This popular introductory text is written by two of the best-known authors in the social work and social welfare fields. The sixth edition continues to examine the values, ethics, and knowledge needed by social workers, as well as exploring social workers' current roles in social welfare programs. Strong coverage of the history of social welfare movements throughout the text allows students to place developments in a historical context. Highlights of the Sixth Edition: NEW data from National Opinion Research Corporation (NORC) interviews demonstrate the range of ideological identifications among Americans along a liberal-conservative continuum and describe the range of positions on particular social welfare issues. NEW photographs further liven up this well-designed, student-friendly text. More emphasis on the position that, in order to really understand social welfare, one must understand the ideological positions that shape it. Student access code to "Research Navigator(TM)" included, granting students access to four exclusive databases of credible and reliable source material. "Research Navigator(TM)" helps students quickly and efficiently make the most of their research time. Visit www.researchnavigator.com to learn more. Don't Miss These Special Value Pack Options: Allyn & Bacon's "The Career Center" offers registered students eight 30-minute sessions with a career specialist. This $25.00 retail value is AVAILABLE AT NO ADDITIONAL COST when packaged with any Allyn & Bacon social work textbook. For more information about "The Career Center "visit www.ablongman.com/careercenter, or contact your local Allyn & Bacon representative and request a special packaging code to take advantage of this great offer. "Thinking about a Career in Social Work," Leon Ginsberg This handy supplement is the perfect companion to any Allyn & Bacon social work text. It includes information on social work education, finding employment, salaries and benefits, and licensing and legal regul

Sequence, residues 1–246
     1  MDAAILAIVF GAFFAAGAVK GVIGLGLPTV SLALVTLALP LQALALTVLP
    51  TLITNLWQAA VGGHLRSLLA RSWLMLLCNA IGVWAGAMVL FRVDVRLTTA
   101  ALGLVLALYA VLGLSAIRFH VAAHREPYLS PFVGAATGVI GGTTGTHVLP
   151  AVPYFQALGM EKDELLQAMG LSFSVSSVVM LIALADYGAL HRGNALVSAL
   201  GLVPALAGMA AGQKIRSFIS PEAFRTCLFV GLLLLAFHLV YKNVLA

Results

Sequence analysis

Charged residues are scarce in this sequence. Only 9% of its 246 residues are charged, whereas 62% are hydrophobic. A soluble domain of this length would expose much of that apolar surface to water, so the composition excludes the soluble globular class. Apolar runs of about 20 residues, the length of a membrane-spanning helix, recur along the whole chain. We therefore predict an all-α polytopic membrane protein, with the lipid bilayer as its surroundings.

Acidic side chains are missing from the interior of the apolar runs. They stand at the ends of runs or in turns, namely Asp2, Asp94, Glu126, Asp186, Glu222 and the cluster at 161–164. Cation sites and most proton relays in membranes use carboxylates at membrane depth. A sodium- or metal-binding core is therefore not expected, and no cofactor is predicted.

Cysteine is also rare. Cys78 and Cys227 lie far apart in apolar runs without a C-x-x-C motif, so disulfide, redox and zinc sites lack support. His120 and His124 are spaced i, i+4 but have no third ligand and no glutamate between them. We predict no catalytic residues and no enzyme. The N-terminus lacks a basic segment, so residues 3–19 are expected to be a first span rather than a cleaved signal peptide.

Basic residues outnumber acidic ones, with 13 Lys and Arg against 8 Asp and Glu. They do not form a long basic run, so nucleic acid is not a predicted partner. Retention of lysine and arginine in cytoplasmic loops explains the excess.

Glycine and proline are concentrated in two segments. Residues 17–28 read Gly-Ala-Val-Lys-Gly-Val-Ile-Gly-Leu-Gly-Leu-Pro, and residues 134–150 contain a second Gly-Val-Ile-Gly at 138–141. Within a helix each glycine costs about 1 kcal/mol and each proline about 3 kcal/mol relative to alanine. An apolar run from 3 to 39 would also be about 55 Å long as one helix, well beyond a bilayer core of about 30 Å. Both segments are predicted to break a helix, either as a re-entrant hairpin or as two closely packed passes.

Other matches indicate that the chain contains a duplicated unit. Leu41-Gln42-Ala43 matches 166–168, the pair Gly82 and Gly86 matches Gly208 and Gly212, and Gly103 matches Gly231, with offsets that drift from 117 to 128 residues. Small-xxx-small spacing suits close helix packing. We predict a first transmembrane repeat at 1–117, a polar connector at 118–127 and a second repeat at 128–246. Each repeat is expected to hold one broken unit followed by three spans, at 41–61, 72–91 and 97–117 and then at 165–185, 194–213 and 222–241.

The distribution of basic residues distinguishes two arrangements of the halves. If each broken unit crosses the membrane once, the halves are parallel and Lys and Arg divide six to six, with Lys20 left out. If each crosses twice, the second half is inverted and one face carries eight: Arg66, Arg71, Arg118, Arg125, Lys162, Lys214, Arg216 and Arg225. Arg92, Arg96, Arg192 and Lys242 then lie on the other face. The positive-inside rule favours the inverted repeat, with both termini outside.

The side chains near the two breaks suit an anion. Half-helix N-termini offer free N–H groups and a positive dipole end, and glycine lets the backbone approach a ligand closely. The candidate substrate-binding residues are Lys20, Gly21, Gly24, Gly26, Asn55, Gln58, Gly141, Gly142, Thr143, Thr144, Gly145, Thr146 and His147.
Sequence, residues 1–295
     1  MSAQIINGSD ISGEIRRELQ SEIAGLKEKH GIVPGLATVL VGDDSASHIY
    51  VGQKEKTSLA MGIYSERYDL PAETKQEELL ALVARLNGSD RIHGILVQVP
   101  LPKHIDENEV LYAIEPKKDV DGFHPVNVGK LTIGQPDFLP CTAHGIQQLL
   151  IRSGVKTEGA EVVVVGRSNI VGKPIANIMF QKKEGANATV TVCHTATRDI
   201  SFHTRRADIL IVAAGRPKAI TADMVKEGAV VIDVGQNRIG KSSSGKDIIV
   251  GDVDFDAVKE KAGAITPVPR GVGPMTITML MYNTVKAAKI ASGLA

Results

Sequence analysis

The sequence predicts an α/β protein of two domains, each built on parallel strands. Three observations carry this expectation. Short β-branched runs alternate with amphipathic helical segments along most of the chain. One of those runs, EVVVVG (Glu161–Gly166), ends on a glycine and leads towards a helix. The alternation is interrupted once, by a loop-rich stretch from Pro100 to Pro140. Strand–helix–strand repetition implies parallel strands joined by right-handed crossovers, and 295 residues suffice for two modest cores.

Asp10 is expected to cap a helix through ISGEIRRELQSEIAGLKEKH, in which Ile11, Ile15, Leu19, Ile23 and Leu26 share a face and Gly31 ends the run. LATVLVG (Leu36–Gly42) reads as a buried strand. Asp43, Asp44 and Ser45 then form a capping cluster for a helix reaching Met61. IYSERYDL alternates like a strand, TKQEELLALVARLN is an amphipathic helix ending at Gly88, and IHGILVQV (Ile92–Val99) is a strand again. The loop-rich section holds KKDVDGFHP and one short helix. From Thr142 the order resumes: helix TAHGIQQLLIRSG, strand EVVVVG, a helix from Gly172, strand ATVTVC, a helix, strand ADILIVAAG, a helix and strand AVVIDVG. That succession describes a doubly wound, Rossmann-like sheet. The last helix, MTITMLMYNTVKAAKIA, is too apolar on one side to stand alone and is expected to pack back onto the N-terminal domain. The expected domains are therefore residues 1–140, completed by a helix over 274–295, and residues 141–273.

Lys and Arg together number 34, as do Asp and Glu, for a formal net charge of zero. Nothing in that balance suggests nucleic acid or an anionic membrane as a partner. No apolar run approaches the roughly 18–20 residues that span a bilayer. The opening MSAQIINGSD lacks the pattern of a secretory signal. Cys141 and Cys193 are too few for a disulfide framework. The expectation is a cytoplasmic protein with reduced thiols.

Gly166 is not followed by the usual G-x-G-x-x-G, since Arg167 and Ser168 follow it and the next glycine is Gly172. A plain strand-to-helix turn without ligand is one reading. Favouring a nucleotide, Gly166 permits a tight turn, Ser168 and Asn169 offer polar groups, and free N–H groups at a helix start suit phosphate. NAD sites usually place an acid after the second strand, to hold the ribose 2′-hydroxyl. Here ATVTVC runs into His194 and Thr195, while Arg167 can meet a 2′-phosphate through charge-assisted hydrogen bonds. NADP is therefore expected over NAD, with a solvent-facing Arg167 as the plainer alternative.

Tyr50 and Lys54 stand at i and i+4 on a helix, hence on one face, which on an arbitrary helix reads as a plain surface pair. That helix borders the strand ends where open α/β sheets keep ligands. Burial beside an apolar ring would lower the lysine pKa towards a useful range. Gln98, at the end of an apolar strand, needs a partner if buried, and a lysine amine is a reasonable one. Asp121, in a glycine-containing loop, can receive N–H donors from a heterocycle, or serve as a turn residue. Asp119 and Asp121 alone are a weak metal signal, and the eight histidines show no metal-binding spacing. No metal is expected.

This book examines the debates preceding and surrounding the 1838 act on the nature of Irish poverty and the responsibilities of society towards it. It traces the various campaigns for a poor law from the later eighteenth century. The nature and internal frictions of the great Irish poor inquiry of 1833-36 are analyzed, along with the policy recommendations made by its chair, Archbishop Whately. It considers the aims and limitations of the government’s measure and the public reaction to it in Ireland and Britain. Finally, it describes the implementation of the Poor Law between 1838 and 1843 under the controversial direction of George Nicholls. It will be of particular importance to those with a serious interest in the history of social welfare, of Irish social thought and politics, and of British governance in Ireland in the early nineteenth century.